Certainly those who believe in state rights should even more strongly believe in local rights. Local government is the most accessible and accountable of all governments, the most responsive to the popular will. lexis De Tocqueville described local government as “the great school of democracy”. If we don’t like what our city councilors or county commissioners do we can vote them out of office. Most serve for only two years and while money certainly matters in local elections, it is not nearly as influential as in state and national elections.

The primary justification used by those advocating for preemption of local authority is the need for uniformity. A hodgepodge of local laws burdens business (or at least big business). Gordon Lafer, an associate professor at the University of Oregon’s Labor Education and Research Center points out the hidden refrain, “we want a state standard, and the state standard should be nothing,’”

In any event consistency is a poor excuse for undermining a fundamental principle of democracy. Indeed, one of the compelling reasons for allowing local control is the resulting diversity of policies and the innovation and learning experiences that result.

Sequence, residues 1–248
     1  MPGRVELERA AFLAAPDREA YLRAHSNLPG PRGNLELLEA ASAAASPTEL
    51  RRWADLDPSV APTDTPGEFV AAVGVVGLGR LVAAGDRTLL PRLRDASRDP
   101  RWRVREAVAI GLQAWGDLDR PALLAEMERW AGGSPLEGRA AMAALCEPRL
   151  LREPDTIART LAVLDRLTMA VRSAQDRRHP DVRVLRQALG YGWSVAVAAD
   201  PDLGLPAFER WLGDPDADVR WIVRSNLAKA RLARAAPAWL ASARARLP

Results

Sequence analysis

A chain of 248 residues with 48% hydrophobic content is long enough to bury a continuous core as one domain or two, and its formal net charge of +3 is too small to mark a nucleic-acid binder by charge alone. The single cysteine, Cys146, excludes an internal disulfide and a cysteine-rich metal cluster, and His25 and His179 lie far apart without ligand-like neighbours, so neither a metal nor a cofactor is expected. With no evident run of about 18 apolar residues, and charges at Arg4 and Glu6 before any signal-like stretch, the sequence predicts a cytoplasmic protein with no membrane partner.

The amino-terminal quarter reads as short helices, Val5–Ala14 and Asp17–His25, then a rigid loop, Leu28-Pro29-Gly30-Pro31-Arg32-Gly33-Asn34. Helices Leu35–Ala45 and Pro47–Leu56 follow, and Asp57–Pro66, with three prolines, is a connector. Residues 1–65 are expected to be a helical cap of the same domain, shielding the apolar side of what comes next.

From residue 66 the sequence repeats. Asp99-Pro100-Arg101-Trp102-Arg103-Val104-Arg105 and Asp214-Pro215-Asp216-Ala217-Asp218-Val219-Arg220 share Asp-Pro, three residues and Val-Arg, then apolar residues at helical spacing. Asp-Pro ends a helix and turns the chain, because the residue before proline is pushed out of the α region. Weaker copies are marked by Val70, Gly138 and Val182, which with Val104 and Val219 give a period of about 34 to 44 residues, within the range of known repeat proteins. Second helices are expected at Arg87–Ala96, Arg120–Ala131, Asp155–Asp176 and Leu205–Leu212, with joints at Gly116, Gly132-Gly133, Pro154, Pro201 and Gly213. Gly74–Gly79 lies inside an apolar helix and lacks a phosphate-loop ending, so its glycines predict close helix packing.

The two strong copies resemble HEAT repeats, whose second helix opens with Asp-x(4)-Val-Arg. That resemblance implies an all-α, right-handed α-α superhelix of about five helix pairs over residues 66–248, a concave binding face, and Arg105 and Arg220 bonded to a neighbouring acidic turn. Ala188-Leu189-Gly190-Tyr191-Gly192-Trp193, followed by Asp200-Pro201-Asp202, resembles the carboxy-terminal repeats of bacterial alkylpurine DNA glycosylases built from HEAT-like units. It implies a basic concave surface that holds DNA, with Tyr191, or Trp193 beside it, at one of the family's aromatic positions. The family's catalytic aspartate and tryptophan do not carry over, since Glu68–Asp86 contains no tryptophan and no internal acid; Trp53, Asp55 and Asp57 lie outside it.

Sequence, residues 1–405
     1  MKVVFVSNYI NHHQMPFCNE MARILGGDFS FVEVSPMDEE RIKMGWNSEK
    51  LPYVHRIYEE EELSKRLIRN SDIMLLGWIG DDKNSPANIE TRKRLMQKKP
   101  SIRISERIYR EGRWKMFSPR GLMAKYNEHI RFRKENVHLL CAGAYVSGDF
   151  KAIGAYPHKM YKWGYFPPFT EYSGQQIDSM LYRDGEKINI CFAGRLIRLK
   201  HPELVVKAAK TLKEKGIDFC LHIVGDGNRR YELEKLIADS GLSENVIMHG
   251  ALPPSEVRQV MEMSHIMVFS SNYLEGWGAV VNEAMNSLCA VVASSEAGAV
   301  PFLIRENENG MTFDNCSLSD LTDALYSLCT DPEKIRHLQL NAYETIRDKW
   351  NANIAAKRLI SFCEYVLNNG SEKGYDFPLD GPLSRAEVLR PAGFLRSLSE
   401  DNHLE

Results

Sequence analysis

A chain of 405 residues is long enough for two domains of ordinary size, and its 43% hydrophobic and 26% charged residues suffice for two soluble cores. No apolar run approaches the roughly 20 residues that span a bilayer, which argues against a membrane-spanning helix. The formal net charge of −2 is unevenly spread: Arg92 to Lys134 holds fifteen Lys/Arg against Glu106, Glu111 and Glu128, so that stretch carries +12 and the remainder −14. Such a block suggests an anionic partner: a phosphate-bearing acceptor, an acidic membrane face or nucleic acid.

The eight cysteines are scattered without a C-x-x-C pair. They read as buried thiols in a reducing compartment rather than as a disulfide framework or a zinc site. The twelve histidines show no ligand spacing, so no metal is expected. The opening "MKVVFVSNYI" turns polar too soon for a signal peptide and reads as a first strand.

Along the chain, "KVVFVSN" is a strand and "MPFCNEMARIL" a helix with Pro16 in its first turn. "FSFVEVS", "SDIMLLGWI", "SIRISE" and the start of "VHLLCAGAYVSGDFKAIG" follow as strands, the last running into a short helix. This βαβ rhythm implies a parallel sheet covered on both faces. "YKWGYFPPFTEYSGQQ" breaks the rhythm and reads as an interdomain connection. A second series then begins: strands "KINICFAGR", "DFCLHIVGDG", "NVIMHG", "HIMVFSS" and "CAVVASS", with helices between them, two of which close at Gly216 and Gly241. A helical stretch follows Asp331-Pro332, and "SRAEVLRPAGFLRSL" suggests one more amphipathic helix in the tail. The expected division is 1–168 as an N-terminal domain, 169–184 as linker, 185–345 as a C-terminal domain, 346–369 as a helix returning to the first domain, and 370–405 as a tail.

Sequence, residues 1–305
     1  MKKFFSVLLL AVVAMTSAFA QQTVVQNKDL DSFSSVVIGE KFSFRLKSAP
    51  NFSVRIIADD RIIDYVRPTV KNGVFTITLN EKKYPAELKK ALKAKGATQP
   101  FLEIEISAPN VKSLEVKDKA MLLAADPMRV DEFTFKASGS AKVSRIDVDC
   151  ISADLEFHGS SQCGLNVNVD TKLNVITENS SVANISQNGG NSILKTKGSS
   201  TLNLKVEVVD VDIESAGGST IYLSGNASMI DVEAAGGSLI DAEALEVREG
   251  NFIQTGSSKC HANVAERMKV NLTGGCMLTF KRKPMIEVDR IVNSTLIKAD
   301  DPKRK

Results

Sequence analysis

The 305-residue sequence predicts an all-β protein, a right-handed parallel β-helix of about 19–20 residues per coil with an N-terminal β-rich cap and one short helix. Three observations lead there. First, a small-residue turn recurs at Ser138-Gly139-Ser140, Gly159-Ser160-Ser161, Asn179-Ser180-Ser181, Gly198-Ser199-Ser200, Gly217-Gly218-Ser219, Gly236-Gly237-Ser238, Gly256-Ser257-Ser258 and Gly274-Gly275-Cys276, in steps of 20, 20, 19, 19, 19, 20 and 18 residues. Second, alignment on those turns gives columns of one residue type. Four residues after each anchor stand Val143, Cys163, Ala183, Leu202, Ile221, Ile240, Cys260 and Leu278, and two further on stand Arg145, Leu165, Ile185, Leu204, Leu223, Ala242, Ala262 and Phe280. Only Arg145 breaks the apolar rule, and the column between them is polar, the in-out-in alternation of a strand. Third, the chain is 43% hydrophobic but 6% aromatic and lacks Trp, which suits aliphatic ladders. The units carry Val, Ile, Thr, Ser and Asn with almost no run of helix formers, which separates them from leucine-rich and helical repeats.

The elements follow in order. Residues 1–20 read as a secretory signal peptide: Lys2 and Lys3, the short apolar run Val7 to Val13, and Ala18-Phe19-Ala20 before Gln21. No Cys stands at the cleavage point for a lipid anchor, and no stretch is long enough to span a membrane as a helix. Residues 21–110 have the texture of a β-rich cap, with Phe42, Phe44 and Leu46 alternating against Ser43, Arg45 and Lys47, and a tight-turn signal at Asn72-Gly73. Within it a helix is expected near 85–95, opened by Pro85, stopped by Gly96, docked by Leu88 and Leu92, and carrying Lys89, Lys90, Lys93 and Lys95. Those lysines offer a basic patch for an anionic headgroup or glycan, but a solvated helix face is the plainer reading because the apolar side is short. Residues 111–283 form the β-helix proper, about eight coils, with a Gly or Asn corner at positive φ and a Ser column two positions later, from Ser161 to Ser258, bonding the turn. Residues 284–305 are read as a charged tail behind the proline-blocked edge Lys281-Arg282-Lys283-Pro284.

Even the argument that local ordinances burden business is suspect. Tobacco companies pioneered the use of state preemption in the mid 1980s when cities began demanding smoke free restaurants (or smoke free sections of restaurants). Tobacco companies argued that such ordinances would hurt business. Thirty years later almost all states that preempted local laws now boast their own statewide smoke-free restaurant laws. Restaurant revenues have not been negatively affected while the medical and economic benefits to the nation have been immense.

As I mentioned, nineteen states now prohibit their localities from raising the minimum wage, but in the last year big box stores like The Gap, TJ Maxx and Walmart have announced they will voluntarily pay above the minimum wage and justified it as a wise business decision because it will reduce turnover and absenteeism and raise worker productivity.

The arguments for stripping people of their right to protect and enhance the health and vitality of their communities are weak. They reflect a fundamental distrust in the intelligence and capacity of the American people. Whether one supports or opposes plastic bag bans or mandatory sick leave or fracking or texting while driving, one should support the right of those most intimately affected by to debate and decide the issue.

David Morris is co-founder and vice president of the Institute for Local Self-Reliance in Minneapolis, Minnesota and directs its Defending the Public Good Initiative. His books include The New City-States.